Because there is no demand for 50 seat turboprops. ATR has only 3 ATR42 in his backlog and continues to offer it because it is assembled on the same assembly line of the ATR72. In addition, operating costs of the ATR72 is not much higher than the ATR42 (same for Q400 vs Q300)


User currently onlineViscount724 From Switzerland, joined Oct 2006, 25332 posts, RR: 22
Reply 22, posted (2 years 12 months 2 days ago) and read 9439 times:

Quoting doug_Or (Reply 19):
Quoting LimaFoxTango (Reply 18):
I also wonder why Bombardier never considered a 50 seat version of the Q400 to replace the Q300's.


The principal update going from the 300 to the 400 (aside from size) was in power (speed). Using Q400 updates on a 300 would result in a 300 that while faster, was also more expensive to acquire and more expensive to operate. Most independent airlines looking for smaller t-props seem to have a lot of trouble affording new build airframes. The cost per seat to acquire newer generation TPs probably has almost as much to do with the death of the market segment as the RJ boom did.

Orders for the Q300 had also disappeared. And almost all recent ATR sales have been for the -72. As of June 20 (latest info I can find on the ATR website), there was only an order backlog of 10 -42s compared to 196 -72s. Excerpt below:

2011 STATUS
(as of June 20th, 2011)
Aircraft type Orders Deliveries
ATR 42 ..........426...... 416
ATR 72.......... 709.......513
TOTAL......... 1135...... 929


User currently onlineJoeCanuck From Canada, joined Dec 2005, 5465 posts, RR: 30
Reply 23, posted (2 years 12 months 2 days ago) and read 9171 times:

The 500 mile point is often bandied about as the flight length were the advantage shifts from the Q400 to the jets. Does anyone have any real world data indicating where that point actually is? It just seems to me that the crossover point should at least be a couple of hundred miles longer...but I'm just guessing.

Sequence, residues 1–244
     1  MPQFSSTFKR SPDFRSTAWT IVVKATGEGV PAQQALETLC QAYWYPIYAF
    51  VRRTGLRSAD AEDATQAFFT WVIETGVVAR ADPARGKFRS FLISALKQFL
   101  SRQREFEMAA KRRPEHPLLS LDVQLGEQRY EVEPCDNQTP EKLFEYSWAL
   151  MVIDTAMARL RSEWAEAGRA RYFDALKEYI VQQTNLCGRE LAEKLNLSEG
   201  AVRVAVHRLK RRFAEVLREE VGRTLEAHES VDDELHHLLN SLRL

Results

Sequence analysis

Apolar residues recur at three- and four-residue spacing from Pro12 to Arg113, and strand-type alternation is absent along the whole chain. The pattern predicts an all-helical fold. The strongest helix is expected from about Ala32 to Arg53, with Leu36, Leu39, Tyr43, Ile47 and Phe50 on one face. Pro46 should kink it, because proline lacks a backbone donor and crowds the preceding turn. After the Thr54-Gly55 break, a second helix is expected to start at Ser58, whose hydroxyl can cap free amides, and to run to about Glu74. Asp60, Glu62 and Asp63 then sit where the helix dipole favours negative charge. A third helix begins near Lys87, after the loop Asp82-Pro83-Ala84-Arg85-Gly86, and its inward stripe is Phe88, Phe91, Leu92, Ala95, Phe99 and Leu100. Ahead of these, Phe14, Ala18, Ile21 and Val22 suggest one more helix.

Some real data would be nice.



What the...?
User currently offlineenilria From Canada, joined Feb 2008, 7191 posts, RR: 13
Reply 24, posted (2 years 12 months 1 day 22 hours ago) and read 8476 times:

Quoting ozark1986 (Thread starter):

I need some help. I know that comparing CRJ700 with DASH8 Q400 is like apples and oranges, but can someone help me understand the differences in average flight cycle operating costs between these 2 commuter planes? Is the Q400 that much cheaper on a percentage basis compared to the CRJ700. Are there any advantages to the CRJ700? I know this is quite an open ended thread, but....

The DH4 is about 30% cheaper to operate per block hour per seat, but you need to allow for the speed difference. I would disagree with the line crossing at 500 miles. I would say it is more like 750 miles, but the revenue is the other issue. Revenue may be affected if you fly a significantly slower plane than the competition. I would say that taking both revenue and cost into account, the Q400 is the better plane to 600 miles.

BTW, the price of oil significantly alters the crossover point. My numbers are based on $90 oil. As fuel goes higher, the advantage of the Q400 increases and the inverse below $90.

[Edited 2011-09-23 19:17:57]

25 wn700driver : That's actually not indefensible when you think about it. As a customer, you are making a choice to drive or otherwise get to a hub over taking the 4
26 gigneil : The other thing is... The Q300 is just a Dash 8-300 with a Q added. It wasnt really improved in any serious way. I also wonder with the other posters
27 LAXintl : Bombardier managed to get themselves in a catch-22 marketing wise. Similar to problem faced with Airbus a few years back over the A330/A340. At the en
28 Post contains links Wingscrubber : This thread got me curious, so I went hunting, found some interesting analysis on the topic, and there is probably more out there to be found since it
29 Post contains links Wingscrubber : Here's some more. http://www.transportenvironment.org/...AFQjCNHhLffHgPyItGLiGrvQ_FXbPZJlBQ This one doesn't mention turboprops in great detail, but i
30 ozark1986 : Everyone, thanks for your comments. Wingscrubber, fantastic collection of knowledge. The issue is that everyone is talking economics and no one is tal